By | November 1st, 2014|featured reading|0 Comments

The Age of Battles

The Age of Battles by Russell F. Weigley One of the most oft-heard comments about history is that those who fail to learn from it are bound to repeat it.  I would say that is true only if people actually learned anything from history. Therein lies the hardest part.  How do you learn from it and what do we individually take as relevant to our present context in which we make leadership decisions, both personal and corporate? […]

By | October 3rd, 2014|featured reading|0 Comments

How Do We Know What We Know?

The Return of Martin Guerre by Natalie Zemon Davis How do we know what we know about history?  At some point all of us ought to have wondered how we know what we know about what happened in the past. I first wondered about this concept one day back in 2005 while listening to a story on NPR in which the interviewee, a university professor, repeated, almost off the cuff, the oft heard statement that in the middle ages life expectancy was somewhere in the mid 30 year range. I had recently read a Psalm that said the lifespan of a man was 70 years, 80 if he is strong. It occurred to me that the biblical account sounded pretty close to our modern life expectancy. Which was correct? And what happened in the more than 2,500 year interim to make people accept the modern short-life-span narrative? That day I started looking through the historical literature to figure out how we know what we know about history and life expectancy. It turns out that when controlling for infant mortality, even in the midst of war, life expectancies were astonishingly consistent throughout the centuries. We know that from contemporary records of the day, records far more numerous than we allow ourselves to imagine today. In most of Europe, peoples’ births, weddings and deaths were recorded by their local parish. Yet today we can’t imagine that people kept detailed records because we have built up fictional narratives about what our predecessors must have been like rather than reading the actual accounts. […]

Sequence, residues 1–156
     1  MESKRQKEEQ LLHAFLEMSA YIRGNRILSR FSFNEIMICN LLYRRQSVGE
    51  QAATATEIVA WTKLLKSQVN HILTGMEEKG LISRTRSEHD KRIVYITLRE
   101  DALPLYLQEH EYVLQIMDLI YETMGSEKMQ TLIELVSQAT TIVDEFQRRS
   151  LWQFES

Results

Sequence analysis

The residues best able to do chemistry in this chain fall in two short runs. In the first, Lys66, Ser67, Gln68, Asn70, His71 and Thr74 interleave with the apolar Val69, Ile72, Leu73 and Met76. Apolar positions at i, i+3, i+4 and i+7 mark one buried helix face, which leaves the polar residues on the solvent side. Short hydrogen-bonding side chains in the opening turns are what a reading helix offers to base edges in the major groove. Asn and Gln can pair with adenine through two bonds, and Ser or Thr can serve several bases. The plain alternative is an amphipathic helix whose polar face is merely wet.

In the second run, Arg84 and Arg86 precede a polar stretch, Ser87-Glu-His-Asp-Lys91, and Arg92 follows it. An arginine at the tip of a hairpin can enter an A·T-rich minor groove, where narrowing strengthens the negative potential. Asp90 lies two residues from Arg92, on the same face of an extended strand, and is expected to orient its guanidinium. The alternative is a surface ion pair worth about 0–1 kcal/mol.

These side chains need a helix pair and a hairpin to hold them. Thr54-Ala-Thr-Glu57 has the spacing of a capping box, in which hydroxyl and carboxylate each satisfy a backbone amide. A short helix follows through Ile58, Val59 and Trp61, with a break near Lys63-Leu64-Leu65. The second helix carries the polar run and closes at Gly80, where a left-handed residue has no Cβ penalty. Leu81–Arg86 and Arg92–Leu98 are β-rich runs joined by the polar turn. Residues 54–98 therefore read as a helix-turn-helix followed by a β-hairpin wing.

By | September 3rd, 2014|featured reading|0 Comments

Hope is Not a Plan

Hope is Not a Plan edited by Thomas Mowle Upon returning from Baghdad in December of 2004, Tom Ruby stayed in touch with several of his colleagues from the Coalition staff, both civilian and military.  They collaborated on a project to bring the inside story of the workings of the staff from inside the Green Zone.  […]

By | August 3rd, 2014|featured reading|0 Comments

The Pope and the CEO

The Pope and the CEO by Andreas Widmer Former Swiss Guard and now internationally known CEO, Andreas Widmer discusses lessons he learned directly from Pope John Paul II while serving in Pope’s personal guard. […]

By | July 3rd, 2014|featured reading|0 Comments

Stone’s Fall

Stone’s Fall by Iain Pears The real life murder of an Oxford professor in 1663 and its surrounding circumstances doesn’t sound like one of those plots that people immediately think of as the basis for a great novel. But Iain Pears’s Instance at the Fingerpost was a classic that hooked people from all walks of life. The same events, the same murder, as seen through the eyes of four different people, with details of the era making you wonder how people lived back then take the reader on a journey he will never forget. His readers then bought and read his other books, from his art theft detective stories based in Rome, to his Dream of Scipio which spans 2 millennia in the south of France. His writing genuinely brings forth the feel of whatever location he describes in his stories. […]